Sunday, September 5, 2010

Walk the Walk

Point Blank (1967) - Boorman
Walker(Lee Marvin) is double crossed by his buddy, Reese and girlfriend and left for dead on Alcatraz during a holdup. A year later, he is getting his revenge and wants his $93,000 share from the holdup. Aided by a man who wants to bring down the 'organization', Walker goes after Reese, Carter and Brewster to get his money with the help of perky Chris(Angie Dickenson).

Exercise in style, Point Blank packs more visual ideas in a minute than an average movie does in its entire length. With its frenetic editing and sound design from the get-go, John Boorman (Excalibur, Deliverance)'s cool filmmaking never loses its momentum. The self-awareness of this neo-noir makes it even more delicious:

I laughed out loud at the scene where Chris says bye too casually to Walker, after helping him out by almost sleeping with a man who makes her skin crawl.

In another scene:

Chris: What's your first name?
Walker: What's your last?
(cut to the next scene)

Marvin's no smile antihero Walker is the definition of cool. As the man of principles, he is fearless and uncompromising. Point Blank is like hyper-stylized Dirty Harry movie but it definitely stands tall above the rest.


The Ruling Class (1972) - Medak
Lord Earl of Gurney, an important parliament member, dies in an autoerotic asphyxiation accident in a tutu, leaving his estate to a schizophrenic mental patient son, Jack (Peter O'Toole) who thinks he is Jesus Christ. It's a natural progression really, his German psychiatrist explains- what could be more holier than the British ruling class? Only god himself.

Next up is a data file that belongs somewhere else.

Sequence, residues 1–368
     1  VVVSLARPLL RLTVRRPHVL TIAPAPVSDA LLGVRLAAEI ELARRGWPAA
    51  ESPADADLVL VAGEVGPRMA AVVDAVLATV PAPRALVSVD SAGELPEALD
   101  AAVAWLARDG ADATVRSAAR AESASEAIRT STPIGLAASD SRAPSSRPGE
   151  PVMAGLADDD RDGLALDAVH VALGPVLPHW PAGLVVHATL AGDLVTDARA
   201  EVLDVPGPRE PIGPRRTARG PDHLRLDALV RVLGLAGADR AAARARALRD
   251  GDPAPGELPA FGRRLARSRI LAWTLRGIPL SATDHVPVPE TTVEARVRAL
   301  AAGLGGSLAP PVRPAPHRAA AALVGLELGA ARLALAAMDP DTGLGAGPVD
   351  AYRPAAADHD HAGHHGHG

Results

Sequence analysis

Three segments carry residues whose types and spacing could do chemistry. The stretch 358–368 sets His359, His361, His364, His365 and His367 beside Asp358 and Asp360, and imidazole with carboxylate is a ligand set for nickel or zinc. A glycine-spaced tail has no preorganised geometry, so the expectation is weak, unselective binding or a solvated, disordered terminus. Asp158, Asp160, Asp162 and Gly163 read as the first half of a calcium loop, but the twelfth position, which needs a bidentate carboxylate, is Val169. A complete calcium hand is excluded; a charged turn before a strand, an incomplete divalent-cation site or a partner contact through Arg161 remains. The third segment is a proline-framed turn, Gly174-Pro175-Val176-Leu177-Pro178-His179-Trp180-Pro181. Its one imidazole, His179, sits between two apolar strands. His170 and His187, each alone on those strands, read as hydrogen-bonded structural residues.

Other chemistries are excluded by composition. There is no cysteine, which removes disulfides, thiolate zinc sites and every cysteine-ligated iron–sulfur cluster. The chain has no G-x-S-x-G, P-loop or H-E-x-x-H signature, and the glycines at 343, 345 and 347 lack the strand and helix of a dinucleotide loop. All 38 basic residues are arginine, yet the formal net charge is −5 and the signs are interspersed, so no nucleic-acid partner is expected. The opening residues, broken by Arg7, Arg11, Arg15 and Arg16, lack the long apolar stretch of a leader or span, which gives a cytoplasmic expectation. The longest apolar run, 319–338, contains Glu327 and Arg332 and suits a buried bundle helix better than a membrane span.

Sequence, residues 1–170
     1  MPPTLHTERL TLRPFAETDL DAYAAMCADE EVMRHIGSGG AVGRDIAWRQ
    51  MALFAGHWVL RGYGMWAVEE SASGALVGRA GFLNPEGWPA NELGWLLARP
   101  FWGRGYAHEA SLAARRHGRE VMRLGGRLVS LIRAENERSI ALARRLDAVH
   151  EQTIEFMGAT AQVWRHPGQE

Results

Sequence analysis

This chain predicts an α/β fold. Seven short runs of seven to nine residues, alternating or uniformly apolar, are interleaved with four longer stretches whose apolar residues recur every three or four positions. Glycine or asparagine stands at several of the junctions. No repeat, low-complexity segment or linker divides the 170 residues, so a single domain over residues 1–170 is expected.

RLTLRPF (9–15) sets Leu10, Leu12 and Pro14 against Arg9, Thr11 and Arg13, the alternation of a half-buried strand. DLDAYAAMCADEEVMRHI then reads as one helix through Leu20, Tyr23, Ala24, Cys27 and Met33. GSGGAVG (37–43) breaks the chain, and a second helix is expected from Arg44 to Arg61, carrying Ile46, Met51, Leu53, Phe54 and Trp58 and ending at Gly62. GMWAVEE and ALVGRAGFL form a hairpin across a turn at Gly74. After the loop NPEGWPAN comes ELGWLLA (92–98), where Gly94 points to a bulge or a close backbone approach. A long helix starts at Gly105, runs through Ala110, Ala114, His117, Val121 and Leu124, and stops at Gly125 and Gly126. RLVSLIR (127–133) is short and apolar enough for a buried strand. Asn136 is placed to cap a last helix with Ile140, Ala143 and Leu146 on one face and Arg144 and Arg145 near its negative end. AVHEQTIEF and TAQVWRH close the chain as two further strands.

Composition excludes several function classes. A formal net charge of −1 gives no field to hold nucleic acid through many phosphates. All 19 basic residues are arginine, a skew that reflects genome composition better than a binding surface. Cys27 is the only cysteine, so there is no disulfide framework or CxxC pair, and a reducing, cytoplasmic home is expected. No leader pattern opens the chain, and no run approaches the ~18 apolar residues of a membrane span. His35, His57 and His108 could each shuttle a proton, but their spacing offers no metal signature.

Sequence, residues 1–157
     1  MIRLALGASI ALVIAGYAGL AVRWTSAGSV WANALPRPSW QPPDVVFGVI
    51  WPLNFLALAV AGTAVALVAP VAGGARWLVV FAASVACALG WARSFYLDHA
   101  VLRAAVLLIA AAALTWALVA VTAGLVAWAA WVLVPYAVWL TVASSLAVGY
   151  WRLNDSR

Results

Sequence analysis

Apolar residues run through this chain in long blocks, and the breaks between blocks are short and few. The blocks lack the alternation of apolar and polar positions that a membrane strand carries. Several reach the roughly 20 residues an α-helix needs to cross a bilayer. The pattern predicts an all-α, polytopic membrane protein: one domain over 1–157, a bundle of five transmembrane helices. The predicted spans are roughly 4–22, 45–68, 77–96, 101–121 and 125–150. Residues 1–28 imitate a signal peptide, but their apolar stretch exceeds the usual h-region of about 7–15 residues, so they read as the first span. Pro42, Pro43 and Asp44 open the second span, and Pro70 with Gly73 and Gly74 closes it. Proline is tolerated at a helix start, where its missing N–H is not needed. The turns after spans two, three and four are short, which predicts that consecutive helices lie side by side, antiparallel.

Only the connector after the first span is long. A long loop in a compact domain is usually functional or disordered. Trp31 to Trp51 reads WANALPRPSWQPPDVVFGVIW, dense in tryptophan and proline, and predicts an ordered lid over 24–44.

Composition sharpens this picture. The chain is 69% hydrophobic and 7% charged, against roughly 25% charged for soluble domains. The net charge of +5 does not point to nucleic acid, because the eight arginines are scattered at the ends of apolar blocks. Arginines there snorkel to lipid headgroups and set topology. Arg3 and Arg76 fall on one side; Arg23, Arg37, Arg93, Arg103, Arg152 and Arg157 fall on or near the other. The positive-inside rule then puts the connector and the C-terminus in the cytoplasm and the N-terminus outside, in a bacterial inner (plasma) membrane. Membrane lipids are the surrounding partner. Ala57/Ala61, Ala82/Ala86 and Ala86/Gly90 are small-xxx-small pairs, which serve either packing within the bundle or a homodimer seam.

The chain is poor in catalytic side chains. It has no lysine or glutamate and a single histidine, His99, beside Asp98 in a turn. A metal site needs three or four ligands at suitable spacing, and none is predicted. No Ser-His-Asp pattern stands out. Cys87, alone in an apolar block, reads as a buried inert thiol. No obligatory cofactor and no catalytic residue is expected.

The power hungry relatives of the deceased has a plan: they will declare Jack insane soon after he produces a son. So they introduce us to lovely Grace (Carolyn Seymour), the implant of Charles Gurney, the brother of the deceased. She immediately falls for love-preaching jolly, silly JC. She does a very hot striptease on her wedding night, not for Jack, but for us audiences.

There are many great scenes in this 2 hr 30 minute extravaganza. One has to do with when Jack is asked to perform a miracle. Another is when Jack is confronted with another delusional false god, angry one at that (he proclaims to be the vengeful god from the Old Testament). If there is only one god, which one is the fake?

This satirical look at upperclass snobbery and the rise of conservatism is filled with plenty of sudden musical numbers and O'Toole's eyebrows. It starts out pretty impenetrable with all the wide angle crane shots of gilded interiors and British twit talk. Then it settles nicely into outrageous black comedy that resembles Monty Python on a quiet day, with a set of fangs.

The Ruling Class is the flip side of A Clockwork Orange in a sense. Jack's transformation as the remnant of the innocent flower child of the '60s to the fear mongering conservative with Jack the Ripper undertones while maintaining his god complex is needless to say, pretty heavy handed. But it's O'Toole's show: he is a great physical comedian!

I wonder why Brits are so good with satires but not Americans, especially about class differences. Is it the good old American Dream that prevents us from making fun of them? The American ruling class is not funny?